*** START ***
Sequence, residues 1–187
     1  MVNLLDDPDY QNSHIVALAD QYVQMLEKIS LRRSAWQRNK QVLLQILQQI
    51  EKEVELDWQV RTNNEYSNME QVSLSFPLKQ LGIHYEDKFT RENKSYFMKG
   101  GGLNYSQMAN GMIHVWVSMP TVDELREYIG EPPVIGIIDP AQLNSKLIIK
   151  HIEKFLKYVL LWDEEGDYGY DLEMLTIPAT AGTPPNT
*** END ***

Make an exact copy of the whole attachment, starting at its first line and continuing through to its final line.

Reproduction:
Sequence, residues 1–187
     1  MVNLLDDPDY QNSHIVALAD QYVQMLEKIS LRRSAWQRNK QVLLQILQQI
    51  EKEVELDWQV RTNNEYSNME QVSLSFPLKQ LGIHYEDKFT RENKSYFMKG
   101  GGLNYSQMAN GMIHVWVSMP TVDELREYIG EPPVIGIIDP AQLNSKLIIK
   151  HIEKFLKYVL LWDEEGDYGY DLEMLTIPAT AGTPPNT